Title: The Bitter Buddha
Director: Steven Feinartz
Featuring: Eddie Pepitone, Patton Oswalt, Dana Gould, Sarah Silverman, Zach Galifianakis, Marc Maron, BJ Novak, Paul Provenza, Andy Kindler, Jen Kirkman
Forget the tears of a clown as it pertains to the inner psychology of a comedian — what about the rage of a clown? That’s the principal focus of “The Bitter Buddha,” a documentary portrait of middle-aged stand-up Eddie Pepitone that surfs along the edge of his angry but self-aware shtick and celebrates his standing among fellow comedians, but all without fully and insightfully digging into the deep-seated emotion that informs his existential angst.
Praised as the sort of comedian whom other comedians love (“the Charles Bukowski of comedy, except if you replaced alcohol with Nutter Butters,” says one), the Brooklyn-born Pepitone — whose late mother was stricken with a manic depression that rendered his still-living father angry and resentful — serves up a dizzying blend of caustic candor. He’s honest about his occasional resentment of young comics, but just as hard on himself (“I get heckled a lot in clubs. It’s usually generic, but accurate, like, ‘Eddie, you suck!'”). It’s this sort of “decades of fear and failure, and learning to deal with that creatively,” says champion Patton Oswalt (one of many other comedians who give testimonials of support), that informs the backbone of both Pepitone’s perpetually agitated professional voice and regular personality.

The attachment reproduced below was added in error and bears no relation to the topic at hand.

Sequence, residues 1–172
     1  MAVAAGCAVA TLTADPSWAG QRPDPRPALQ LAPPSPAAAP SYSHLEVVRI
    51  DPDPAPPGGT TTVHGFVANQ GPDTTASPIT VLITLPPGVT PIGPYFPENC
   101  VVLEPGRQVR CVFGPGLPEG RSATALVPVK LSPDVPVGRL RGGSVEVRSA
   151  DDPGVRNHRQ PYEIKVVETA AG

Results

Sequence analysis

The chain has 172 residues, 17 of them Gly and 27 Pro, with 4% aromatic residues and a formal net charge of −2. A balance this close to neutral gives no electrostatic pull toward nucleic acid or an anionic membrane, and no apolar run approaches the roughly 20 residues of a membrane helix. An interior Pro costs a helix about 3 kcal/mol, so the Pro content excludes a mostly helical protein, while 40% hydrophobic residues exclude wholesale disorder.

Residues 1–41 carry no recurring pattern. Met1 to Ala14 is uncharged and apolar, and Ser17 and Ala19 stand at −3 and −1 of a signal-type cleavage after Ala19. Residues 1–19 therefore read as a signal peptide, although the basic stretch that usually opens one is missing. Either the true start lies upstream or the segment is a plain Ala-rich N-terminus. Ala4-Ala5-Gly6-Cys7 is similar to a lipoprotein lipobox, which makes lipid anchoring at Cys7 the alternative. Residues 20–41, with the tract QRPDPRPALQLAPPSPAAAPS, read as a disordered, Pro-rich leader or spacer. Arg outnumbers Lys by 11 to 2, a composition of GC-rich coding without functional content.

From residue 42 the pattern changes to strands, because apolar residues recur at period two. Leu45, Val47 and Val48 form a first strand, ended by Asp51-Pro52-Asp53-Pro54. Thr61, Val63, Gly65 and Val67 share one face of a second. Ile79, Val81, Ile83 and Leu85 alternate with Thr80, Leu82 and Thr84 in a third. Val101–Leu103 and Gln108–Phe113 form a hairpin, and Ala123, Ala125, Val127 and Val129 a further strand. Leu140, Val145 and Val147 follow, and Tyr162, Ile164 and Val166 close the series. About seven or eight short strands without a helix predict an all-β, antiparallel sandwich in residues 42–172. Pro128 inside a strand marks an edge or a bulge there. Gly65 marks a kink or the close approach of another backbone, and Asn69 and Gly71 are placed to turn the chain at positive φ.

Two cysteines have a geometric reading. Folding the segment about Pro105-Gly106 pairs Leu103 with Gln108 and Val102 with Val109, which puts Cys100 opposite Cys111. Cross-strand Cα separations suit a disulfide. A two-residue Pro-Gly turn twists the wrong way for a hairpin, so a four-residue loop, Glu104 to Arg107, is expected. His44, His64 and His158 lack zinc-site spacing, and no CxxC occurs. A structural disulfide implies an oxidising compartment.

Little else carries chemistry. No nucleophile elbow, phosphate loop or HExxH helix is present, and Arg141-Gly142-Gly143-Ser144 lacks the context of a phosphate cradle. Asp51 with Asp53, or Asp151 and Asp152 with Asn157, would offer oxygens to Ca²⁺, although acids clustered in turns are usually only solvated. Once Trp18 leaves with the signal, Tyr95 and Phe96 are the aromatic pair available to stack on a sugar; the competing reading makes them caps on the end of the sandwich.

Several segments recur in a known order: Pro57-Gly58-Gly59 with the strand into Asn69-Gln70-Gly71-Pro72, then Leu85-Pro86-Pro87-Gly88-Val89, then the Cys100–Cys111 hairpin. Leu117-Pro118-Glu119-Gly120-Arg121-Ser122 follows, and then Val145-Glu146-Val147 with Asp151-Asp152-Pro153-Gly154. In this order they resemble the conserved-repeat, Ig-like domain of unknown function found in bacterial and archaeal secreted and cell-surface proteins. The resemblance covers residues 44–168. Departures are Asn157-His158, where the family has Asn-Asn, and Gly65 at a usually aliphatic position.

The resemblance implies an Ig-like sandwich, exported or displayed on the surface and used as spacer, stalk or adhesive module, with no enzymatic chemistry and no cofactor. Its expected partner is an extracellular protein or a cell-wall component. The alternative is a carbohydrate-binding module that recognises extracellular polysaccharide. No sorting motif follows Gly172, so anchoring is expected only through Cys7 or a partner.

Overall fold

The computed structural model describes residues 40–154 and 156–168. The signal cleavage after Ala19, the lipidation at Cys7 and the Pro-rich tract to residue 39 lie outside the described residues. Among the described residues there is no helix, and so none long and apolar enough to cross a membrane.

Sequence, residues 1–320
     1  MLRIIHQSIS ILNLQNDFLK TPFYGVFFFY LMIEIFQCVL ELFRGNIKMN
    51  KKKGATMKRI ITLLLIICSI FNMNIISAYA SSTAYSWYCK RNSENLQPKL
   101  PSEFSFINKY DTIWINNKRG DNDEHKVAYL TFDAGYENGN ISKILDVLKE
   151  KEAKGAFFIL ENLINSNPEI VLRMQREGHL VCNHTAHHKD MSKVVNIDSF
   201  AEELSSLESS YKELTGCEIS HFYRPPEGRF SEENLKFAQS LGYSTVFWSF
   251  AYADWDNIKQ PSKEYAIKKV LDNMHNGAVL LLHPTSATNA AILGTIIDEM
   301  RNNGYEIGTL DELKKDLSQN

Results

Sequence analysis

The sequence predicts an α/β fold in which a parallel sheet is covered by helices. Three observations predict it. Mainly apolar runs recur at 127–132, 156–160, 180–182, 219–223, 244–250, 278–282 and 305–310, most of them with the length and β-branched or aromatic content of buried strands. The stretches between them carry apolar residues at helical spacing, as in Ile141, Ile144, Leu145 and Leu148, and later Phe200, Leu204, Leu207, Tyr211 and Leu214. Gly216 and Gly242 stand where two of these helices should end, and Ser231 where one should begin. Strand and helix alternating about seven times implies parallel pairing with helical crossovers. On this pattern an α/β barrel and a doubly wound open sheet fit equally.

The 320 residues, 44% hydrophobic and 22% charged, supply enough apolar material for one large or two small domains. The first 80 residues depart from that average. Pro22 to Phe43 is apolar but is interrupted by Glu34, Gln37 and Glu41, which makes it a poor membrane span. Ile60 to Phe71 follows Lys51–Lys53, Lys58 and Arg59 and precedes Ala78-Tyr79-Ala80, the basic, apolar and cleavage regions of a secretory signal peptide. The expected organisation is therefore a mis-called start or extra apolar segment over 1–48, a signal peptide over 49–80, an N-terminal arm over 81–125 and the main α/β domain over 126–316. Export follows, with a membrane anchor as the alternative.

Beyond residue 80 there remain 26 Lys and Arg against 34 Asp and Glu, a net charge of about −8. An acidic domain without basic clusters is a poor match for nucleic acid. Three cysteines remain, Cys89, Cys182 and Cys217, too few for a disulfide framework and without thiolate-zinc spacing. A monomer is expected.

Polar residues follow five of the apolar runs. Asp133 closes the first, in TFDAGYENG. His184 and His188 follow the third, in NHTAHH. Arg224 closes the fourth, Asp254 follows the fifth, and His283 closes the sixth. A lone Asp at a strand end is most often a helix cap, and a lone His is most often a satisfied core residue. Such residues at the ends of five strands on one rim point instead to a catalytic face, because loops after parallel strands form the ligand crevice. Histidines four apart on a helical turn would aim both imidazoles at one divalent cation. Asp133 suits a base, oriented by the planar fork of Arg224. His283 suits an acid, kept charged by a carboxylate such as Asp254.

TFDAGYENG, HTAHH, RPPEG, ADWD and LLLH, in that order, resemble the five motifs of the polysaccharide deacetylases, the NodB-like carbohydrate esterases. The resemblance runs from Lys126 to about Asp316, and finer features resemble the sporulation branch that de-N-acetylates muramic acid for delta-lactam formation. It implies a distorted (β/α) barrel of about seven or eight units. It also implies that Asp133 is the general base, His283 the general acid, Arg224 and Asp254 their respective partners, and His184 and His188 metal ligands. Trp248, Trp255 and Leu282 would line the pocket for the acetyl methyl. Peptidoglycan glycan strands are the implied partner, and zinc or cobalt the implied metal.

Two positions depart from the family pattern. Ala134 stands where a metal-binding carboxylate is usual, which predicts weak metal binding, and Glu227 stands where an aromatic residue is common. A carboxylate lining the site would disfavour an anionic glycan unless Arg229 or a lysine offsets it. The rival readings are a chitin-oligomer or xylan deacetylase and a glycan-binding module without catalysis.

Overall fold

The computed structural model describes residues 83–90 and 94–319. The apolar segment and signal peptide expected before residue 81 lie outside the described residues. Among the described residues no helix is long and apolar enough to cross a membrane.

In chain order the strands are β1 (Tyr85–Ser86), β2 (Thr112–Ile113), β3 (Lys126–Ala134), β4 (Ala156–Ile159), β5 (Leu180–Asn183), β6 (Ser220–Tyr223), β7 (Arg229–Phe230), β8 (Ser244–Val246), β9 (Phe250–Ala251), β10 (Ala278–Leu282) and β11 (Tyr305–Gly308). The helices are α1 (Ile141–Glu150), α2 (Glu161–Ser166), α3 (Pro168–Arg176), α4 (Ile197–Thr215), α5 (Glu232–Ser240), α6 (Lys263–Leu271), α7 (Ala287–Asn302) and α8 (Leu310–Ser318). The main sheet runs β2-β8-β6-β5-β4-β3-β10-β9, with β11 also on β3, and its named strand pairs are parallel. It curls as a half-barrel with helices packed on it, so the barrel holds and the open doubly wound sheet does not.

Director Steven Feinartz follows his subject around, and even works in some occasional animation, by Allen Mezquida, which is a nice touch, production-wise. But unlike “American: The Bill Hicks Story,” another nonfiction snapshot of a cultish stand-up figure, “The Bitter Buddha” doesn’t fully connect the dots between professional water-treading and the sort of stinging personal rejection that seemingly helps keep Pepitone in a state of under-appreciated arrest. Ostensibly, the movie’s arc builds toward a show Pepitone does in Harlem — his first in New York City in nine years, which coincides with the last time his father saw him perform. And seeing some of their interactions definitely informs a reading of the man.
But “The Bitter Buddha,” while passably engaging, is too polite and removed to resonate deeply for a wider audience. When Feinartz gets into Pepitone’s feeding of squirrels at a local park, and love of animals more broadly, or his fitful embrace of meditating in lieu of more personal sharing at Alcoholics Anonymous meetings, it hints at the pain and latent psychology of its subject, but then too quickly steps away from conflict and tension. The result is a nice glimpse into Pepitone’s private life for fans, but not a worthy introduction for mainstream documentary fans.
Written by: Brent Simon